Conservatives should pay close attention to Alabama’s sixth congressional district.
The candidate to watch in this race is Dr. Chad Mathis.
Alabama’s sixth district is a solid red seat. Rep. Spencer Baucus, who is serving his eleventh term, will retire at the end of this term. So there’s every reason to expect a true Conservative can replace Baucus. Conservatives can’t afford another faux pas, debt raising Republican or a candidate with an affinity for foot in mouth disease that could cost Conservatives such a golden opportunity.
State Rep. Paul DeMarco, for one, has a litany of issues that makes him an albatross to Conservatives.
DeMarco repeatedly talks the talk, saying things like “anytime you’re asking for a tax increase you’re running into troubled waters.” But that hasn’t translated into action. DeMarco co-sponsored two tax hikes; one raising tobacco taxes on Jefferson County, Alabama, and the other enabling the county to levy taxes on beer and malt liquor.
Beyond that, DeMarco voted seven times for tax hikes that have cost Yellow Hammer State taxpayers almost $100 million. Repeated votes for higher “fees” have also sucked up millions more for the state government.
Worse, DeMarco also has an addiction to spending, which explains a lot of this. Twice he’s voted to up unemployment benefits (see, here and here); he also opposed an 11 percent spending cut to non-education spending and capping corporate welfare and has repeatedly Ok’d increasing the state’s debt.
He even wanted to bailout Jefferson County with dollars from all over Alabama after its local government filed for bankruptcy.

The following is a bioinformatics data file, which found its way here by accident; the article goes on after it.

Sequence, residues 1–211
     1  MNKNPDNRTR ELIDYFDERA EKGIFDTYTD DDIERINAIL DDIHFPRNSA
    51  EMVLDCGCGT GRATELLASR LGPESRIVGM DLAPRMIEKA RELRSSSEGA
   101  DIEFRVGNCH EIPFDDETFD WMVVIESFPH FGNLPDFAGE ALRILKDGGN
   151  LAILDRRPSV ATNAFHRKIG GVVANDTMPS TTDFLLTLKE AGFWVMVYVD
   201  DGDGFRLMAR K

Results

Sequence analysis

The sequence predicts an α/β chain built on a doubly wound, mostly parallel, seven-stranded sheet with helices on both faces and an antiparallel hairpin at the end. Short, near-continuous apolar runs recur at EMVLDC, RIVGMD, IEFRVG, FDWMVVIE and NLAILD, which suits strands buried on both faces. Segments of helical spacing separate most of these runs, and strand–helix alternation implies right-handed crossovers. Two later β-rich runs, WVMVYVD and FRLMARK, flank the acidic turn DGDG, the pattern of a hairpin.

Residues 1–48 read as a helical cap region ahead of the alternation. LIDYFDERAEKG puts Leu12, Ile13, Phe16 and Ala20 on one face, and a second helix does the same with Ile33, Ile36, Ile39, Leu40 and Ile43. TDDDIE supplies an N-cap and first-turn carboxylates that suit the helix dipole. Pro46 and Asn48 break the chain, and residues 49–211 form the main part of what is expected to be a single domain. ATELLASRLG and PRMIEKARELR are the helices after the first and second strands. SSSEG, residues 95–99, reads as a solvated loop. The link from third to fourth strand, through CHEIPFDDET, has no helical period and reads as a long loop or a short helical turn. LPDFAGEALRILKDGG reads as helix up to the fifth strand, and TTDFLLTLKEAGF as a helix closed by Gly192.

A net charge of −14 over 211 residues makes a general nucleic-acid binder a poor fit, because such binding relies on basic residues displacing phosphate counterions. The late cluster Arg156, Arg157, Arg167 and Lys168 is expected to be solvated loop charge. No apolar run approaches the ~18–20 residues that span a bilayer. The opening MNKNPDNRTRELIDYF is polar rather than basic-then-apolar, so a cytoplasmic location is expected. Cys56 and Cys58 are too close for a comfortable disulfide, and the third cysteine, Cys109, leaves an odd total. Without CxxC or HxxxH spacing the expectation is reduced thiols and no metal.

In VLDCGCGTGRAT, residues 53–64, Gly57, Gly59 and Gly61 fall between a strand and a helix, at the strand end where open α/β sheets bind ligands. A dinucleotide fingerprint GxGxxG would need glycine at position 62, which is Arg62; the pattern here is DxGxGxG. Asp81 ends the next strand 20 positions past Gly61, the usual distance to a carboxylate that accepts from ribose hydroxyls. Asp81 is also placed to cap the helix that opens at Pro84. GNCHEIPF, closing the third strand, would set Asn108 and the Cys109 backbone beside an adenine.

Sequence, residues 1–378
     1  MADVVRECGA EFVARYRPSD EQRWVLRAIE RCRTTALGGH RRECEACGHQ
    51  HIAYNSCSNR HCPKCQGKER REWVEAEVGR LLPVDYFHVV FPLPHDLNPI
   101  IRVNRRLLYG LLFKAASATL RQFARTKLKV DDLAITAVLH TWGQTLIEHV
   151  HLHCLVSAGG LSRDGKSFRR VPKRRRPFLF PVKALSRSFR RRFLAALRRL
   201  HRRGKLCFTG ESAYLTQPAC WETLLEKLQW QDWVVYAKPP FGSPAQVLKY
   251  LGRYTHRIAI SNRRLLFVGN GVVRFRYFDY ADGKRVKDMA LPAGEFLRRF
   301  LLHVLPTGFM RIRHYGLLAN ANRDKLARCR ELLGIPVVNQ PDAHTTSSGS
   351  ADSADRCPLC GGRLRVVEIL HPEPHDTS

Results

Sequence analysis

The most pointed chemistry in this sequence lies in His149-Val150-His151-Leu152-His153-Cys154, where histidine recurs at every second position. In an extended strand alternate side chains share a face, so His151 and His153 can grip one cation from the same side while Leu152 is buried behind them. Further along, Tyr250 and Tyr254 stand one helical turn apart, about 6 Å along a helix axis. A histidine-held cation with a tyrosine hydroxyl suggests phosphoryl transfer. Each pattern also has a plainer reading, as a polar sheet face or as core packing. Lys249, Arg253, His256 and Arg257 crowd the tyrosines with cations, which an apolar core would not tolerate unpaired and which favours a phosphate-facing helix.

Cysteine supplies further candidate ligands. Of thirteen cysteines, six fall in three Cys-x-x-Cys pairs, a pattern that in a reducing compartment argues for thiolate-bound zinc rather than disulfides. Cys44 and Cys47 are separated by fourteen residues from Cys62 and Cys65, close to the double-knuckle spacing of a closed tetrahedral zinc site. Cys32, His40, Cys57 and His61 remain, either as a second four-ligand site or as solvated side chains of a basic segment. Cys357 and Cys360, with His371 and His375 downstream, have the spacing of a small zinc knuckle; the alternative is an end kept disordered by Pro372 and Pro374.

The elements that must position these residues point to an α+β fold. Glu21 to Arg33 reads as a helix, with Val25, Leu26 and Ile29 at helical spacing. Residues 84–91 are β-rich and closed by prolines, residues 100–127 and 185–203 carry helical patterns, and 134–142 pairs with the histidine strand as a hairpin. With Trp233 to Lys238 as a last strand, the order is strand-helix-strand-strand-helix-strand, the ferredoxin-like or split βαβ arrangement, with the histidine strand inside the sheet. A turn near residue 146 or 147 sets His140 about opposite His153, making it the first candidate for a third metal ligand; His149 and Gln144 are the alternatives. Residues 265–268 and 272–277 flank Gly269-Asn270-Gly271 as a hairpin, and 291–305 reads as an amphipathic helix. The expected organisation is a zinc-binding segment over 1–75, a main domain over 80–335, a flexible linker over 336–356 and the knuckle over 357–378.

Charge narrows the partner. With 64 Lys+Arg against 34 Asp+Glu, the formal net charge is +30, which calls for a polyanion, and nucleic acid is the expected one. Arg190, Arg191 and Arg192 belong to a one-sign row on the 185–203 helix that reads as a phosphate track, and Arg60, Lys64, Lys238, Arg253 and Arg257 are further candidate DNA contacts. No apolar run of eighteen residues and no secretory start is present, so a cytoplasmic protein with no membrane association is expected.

Not the sort of congresscritter we need.
Gary Palmer also talks a good game. He started the Alabama Policy Institute, a think-tank headquartered in the district. But his past advocacy is hardly conservative.
Palmer’s 2003, call for tax reform included musing “we will find that we do need to increase revenues.” His own reform plans called for hiking property taxes, actually going as far as saying that Alabama’s low property tax burden was somehow a bad thing. In an Obama-like move, Palmer also argued that higher income Alabamians should pay more.
All of which makes him a non-starter.
Then there’s Will Brooke. The money trail following him suggests he’s in the pocket of the DC establishment. Just this month the NRSCs deputy finance director was caught actively raising cash for Brooke’s campaign. A Senate Republican committee aide wading into a contested House primary for a safe Republican seat is something we just should not have to worry about.
Another candidate, state Senator Scott Beason, has pitched himself as a true conservative and Tea Party voice. We need to be very wary of him, though. He’s another Dean Young, better at shock value rhetoric than anything that advances the conservative cause. His penchant for embarrassing us is so great that Ken Blackwell directly pointed him out in a recent op-ed, saying we should steer clear of this humiliation in waiting.
Blackwell’s also on point when it comes to who Conservatives should be supporting in this race — Dr. Chad Mathis. He’s a physician, businessman, and first-time candidate for office, and he’s also someone that all manner Conservatives and Republicans can rally behind.
Mathis has seen first-hand what ObamaCare is doing to our economy and health care system. Unlike most liberals, and probably his opponents, he’s read the monstrous so-called Affordable Care Act in full. And Mathis has made it crystal-clear that he won’t waver in his fight to send ObamaCare to the scrap heap.
For all of these reasons, Mathis has the support of someone like Ken Blackwell. He’s also endorsed by RedState’s own Erick Erickson, FreedomWorks PAC, and the Madison Project. Reps. Andy Harris and Phil Roe, also physicians, are actively aiding his campaign and almost 100 Alabama physicians have offered their support as well.
In Congress, Chad Mathis’s voice will be a major asset to the Conservative movement. He’s one of us to be sure, and he won’t embarrass us either. It’s imperative we rally around his candidacy ahead of the June 3 primary, lest we be made to deal with another non-conservative Republican.